It´s a highly energetic animal (like all ferrets) and will always be busy running around. Some owners might find this behavior as annoying if constant exercise is not provided for them!
But they are very sociable animals and love to spend time with people or other pets in the household!!! They´re generally considered one of the most affectionate ferrets out there when it comes down to petting sessions.
There are eight different colorations according to the AFA. Additionally, different patterns appear in the coat as well.
The eight different colors are:
- Black Sable
- Dark-Eyed White
Adding to the variety that ferrets can show, there are also different patterns that they can have:
- Color Point (Siamese)
- Dark-Eyed White Pattern
- Solid Pattern
Feel free to read our article about Ferret Colors here.
Which Ferret Body Type To Pick?
The body types of your ferret won’t have much of an influence on how they act, but they can influence how your ferret lives. If you have a lot of space that is ideal for running around and being active, the Greyhound may be better suited to what will work best with their physiques!
The body type of your ferret won´t determine how active it is or how it behaves. Maybe a small tendency is to be made out depending on body types – but nothing can be said in general.
They are all active and joyful, funny and playful. The only difference is the body type and that’s it!
So please don’t choose your new furry friend based on its body type. Choose a reputable breeder or even better look for a ferret rescue organization to adopt your new family member from.
When you are looking for a ferret make sure you pick a breeder that provides you with a socialized ferret. It should not bite, is well-behaved, and knows what a litter box is and how to use it.
They will need to be groomed and their nails should also get clipped every once in a while, just like your dogs or cats! The most important thing is that you take care of the ferret as it gets older.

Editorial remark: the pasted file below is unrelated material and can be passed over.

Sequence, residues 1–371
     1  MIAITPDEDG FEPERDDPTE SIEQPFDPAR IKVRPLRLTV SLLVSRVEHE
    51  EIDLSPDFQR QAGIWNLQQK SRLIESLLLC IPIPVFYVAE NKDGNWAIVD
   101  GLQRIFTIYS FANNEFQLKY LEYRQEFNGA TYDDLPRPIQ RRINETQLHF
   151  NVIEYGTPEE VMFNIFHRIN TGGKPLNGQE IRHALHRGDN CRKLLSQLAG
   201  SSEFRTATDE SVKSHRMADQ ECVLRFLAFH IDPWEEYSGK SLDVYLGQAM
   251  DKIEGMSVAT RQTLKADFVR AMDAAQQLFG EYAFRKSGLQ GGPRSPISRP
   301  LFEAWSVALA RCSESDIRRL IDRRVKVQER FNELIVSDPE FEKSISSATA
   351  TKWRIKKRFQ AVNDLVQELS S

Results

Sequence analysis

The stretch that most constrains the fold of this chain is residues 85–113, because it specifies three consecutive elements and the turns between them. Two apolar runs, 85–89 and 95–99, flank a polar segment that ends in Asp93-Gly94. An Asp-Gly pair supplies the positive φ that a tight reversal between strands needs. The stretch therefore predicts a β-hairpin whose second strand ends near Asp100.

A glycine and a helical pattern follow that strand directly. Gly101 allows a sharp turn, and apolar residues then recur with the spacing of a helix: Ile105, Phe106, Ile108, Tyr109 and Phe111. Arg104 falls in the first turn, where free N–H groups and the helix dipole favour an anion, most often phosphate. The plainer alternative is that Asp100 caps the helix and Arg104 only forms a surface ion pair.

Average Size of Ferrets
The male ferret, called a hob, can weigh up to 4 lb. The female, known as a jill, can weigh up to 2.5 lb. The females usually are weighing slightly less than males.
With the Bulldog Ferrets ranging at the upper end of the spectrum at around 4lb and the Whipped Body Type Ferret and the lower end of the spectrum at around 1200g.
Ferrets can vary in size depending on what their body type is and they go from a small to large range, but that doesn’t mean one ferret will be different than another just because it’s bigger or smaller!
The average ferret can grow to a size of about twenty inches long when an adult, and they usually live between six to ten years in their natural state before succumbing to old age (although this lifespan is affected by diet or typical ferret diseases such as cancer).
The three different body types of ferrets are the Bulldog, Greyhound, and Whippet. But even though they have different bodies there is no difference in how active or playful each one of them is because all ferrets love to be socialized with humans.
That´s why you should not base your choice on the body type of your ferret and should instead choose a reputable breeder that provides you with well-socialized, healthy animals.
We hope you enjoyed this article about Ferrer Body Type